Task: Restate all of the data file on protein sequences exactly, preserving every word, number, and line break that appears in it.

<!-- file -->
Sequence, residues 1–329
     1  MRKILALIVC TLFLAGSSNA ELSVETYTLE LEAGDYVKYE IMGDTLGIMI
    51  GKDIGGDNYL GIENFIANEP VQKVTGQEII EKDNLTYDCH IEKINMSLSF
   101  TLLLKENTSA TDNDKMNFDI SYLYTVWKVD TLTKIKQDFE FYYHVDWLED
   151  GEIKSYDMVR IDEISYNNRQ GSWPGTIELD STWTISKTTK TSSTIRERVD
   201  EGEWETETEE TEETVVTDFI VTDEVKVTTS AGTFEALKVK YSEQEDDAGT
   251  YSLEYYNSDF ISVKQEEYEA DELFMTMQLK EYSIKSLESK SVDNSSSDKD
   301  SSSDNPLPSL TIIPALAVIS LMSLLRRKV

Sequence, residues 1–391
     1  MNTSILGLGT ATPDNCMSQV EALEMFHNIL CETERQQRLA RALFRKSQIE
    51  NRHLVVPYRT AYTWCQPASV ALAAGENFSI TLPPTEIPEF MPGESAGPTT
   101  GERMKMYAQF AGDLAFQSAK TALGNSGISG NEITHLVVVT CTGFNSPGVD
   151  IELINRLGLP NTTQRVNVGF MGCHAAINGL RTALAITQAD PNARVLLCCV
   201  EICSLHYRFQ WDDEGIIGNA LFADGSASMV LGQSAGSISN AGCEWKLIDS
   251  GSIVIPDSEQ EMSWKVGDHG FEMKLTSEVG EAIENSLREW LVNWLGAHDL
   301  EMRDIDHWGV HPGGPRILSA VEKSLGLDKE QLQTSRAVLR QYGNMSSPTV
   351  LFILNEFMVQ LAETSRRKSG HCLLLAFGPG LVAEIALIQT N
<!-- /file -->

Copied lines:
Sequence, residues 1–329
     1  MRKILALIVC TLFLAGSSNA ELSVETYTLE LEAGDYVKYE IMGDTLGIMI
    51  GKDIGGDNYL GIENFIANEP VQKVTGQEII EKDNLTYDCH IEKINMSLSF
   101  TLLLKENTSA TDNDKMNFDI SYLYTVWKVD TLTKIKQDFE FYYHVDWLED
   151  GEIKSYDMVR IDEISYNNRQ GSWPGTIELD STWTISKTTK TSSTIRERVD
   201  EGEWETETEE TEETVVTDFI VTDEVKVTTS AGTFEALKVK YSEQEDDAGT
   251  YSLEYYNSDF ISVKQEEYEA DELFMTMQLK EYSIKSLESK SVDNSSSDKD
   301  SSSDNPLPSL TIIPALAVIS LMSLLRRKV

Sequence, residues 1–391
     1  MNTSILGLGT ATPDNCMSQV EALEMFHNIL CETERQQRLA RALFRKSQIE
    51  NRHLVVPYRT AYTWCQPASV ALAAGENFSI TLPPTEIPEF MPGESAGPTT
   101  GERMKMYAQF AGDLAFQSAK TALGNSGISG NEITHLVVVT CTGFNSPGVD
   151  IELINRLGLP NTTQRVNVGF MGCHAAINGL RTALAITQAD PNARVLLCCV
   201  EICSLHYRFQ WDDEGIIGNA LFADGSASMV LGQSAGSISN AGCEWKLIDS
   251  GSIVIPDSEQ EMSWKVGDHG FEMKLTSEVG EAIENSLREW LVNWLGAHDL
   301  EMRDIDHWGV HPGGPRILSA VEKSLGLDKE QLQTSRAVLR QYGNMSSPTV
   351  LFILNEFMVQ LAETSRRKSG HCLLLAFGPG LVAEIALIQT N